|Image courtesy of Marja Flick-Buijs,|
I've been rereading one of my favorite books—Ted Kooser's The Poetry Home Repair Manual—and this week I came across a passage that I think will resonate with all creative people. Kooser talks about how the form a poem takes doesn't matter as much as what it says, and he quotes a passage from Anton Chekhov's The Seagull to illustrate his point:
"I'm coming more and more to the conclusion that it's a matter not of old forms and not of new forms, but that a man writes, not thinking at all of what form to choose, writes because it comes pouring out from his soul."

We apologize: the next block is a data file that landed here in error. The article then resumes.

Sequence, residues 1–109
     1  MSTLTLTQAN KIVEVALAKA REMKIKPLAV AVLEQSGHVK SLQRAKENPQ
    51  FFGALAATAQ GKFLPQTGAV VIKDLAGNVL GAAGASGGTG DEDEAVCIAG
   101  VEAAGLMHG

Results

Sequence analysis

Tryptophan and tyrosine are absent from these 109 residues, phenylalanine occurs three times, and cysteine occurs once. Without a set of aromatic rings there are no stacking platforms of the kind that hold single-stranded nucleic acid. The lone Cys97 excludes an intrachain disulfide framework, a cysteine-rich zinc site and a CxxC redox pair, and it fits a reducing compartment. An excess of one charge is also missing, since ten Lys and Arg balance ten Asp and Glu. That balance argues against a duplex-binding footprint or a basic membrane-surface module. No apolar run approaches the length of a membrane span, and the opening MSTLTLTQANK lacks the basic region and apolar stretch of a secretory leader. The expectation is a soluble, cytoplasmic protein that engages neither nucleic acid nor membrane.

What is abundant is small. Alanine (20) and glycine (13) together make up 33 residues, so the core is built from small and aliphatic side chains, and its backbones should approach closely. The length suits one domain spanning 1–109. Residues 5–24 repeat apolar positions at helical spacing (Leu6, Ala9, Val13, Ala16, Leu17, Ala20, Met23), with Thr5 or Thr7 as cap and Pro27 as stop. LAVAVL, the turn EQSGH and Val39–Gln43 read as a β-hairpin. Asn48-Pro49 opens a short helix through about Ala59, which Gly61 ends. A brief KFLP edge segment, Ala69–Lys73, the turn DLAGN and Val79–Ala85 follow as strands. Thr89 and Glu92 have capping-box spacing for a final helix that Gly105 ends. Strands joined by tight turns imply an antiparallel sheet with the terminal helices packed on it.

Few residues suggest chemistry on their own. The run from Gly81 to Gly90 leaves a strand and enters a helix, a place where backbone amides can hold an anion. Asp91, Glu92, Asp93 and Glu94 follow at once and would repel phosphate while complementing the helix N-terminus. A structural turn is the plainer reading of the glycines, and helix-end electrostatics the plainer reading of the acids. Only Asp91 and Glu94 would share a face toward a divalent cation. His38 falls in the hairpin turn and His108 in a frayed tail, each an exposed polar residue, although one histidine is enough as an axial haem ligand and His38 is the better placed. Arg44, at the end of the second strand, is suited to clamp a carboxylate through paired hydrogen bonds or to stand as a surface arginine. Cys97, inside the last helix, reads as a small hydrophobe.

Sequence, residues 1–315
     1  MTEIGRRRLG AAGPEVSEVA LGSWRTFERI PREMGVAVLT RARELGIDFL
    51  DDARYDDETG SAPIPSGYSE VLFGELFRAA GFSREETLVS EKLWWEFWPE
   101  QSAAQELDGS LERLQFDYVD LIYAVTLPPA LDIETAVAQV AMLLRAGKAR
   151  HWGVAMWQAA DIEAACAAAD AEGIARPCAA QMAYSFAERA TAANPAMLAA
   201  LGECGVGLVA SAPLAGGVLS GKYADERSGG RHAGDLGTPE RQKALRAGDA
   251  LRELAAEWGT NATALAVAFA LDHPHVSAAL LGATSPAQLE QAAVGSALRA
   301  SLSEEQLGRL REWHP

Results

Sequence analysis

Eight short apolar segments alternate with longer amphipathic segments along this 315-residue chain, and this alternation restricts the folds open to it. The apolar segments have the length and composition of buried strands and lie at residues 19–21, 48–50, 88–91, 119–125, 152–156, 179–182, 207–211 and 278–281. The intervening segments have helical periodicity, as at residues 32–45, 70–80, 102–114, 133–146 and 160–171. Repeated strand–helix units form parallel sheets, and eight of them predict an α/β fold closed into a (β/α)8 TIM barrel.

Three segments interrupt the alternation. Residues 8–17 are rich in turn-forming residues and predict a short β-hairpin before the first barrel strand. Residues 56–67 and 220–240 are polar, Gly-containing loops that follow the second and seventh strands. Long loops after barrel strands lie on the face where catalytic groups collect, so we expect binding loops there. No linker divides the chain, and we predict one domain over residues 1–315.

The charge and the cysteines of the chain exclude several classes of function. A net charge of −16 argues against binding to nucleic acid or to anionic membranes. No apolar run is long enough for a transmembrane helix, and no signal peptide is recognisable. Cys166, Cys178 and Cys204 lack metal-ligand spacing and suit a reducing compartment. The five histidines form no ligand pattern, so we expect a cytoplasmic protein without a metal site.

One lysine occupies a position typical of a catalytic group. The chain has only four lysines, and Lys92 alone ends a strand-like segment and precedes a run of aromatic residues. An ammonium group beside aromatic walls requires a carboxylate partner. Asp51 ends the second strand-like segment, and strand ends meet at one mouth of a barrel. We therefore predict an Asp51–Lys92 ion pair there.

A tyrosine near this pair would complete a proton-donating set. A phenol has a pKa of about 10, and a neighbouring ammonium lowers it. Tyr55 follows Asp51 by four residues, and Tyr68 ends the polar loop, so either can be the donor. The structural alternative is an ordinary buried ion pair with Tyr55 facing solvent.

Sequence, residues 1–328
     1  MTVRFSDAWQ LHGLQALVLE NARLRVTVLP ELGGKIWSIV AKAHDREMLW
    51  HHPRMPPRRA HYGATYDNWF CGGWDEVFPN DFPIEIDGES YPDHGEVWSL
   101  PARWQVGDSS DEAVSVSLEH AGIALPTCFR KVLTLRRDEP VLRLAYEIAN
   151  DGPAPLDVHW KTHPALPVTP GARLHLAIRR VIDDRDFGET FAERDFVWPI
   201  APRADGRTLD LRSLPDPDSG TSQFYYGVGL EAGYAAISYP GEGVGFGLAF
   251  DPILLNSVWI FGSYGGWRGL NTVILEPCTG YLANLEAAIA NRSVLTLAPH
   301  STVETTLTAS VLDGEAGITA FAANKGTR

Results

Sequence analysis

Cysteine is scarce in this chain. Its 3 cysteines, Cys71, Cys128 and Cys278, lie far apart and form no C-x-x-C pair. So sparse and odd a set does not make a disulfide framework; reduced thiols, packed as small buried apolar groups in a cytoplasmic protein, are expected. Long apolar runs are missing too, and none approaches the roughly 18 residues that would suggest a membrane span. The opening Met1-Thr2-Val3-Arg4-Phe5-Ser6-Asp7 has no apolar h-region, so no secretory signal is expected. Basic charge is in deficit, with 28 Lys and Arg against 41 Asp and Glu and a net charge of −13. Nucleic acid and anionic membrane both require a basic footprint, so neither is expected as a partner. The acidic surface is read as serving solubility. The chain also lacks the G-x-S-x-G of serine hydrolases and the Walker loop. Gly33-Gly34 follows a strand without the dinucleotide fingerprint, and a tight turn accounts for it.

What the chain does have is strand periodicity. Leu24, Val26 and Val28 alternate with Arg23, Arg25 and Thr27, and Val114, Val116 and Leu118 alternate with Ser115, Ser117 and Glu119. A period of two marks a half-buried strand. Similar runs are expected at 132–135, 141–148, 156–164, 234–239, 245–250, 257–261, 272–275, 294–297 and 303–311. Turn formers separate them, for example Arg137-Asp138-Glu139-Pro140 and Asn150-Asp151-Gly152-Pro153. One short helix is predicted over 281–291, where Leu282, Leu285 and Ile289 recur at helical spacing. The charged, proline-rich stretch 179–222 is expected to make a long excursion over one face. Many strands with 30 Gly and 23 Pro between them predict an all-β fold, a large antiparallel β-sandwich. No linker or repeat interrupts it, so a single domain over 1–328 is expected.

I find this liberating. Just think: It doesn't matter what form our creativity takes; we don't need to shoehorn ourselves into a particular style. We should write (or sing or paint or draw or act or knit...) simply because we love to do it. We should unleash our creativity in whatever form it takes—whatever rules we choose to follow or break. Our work will speak for itself.
What do you think of Chekhov's quote? What's your creaitve outlet, and what are you doing today to follow your passion?
Wishing you all a creative—and wonderful—Thursday. ☺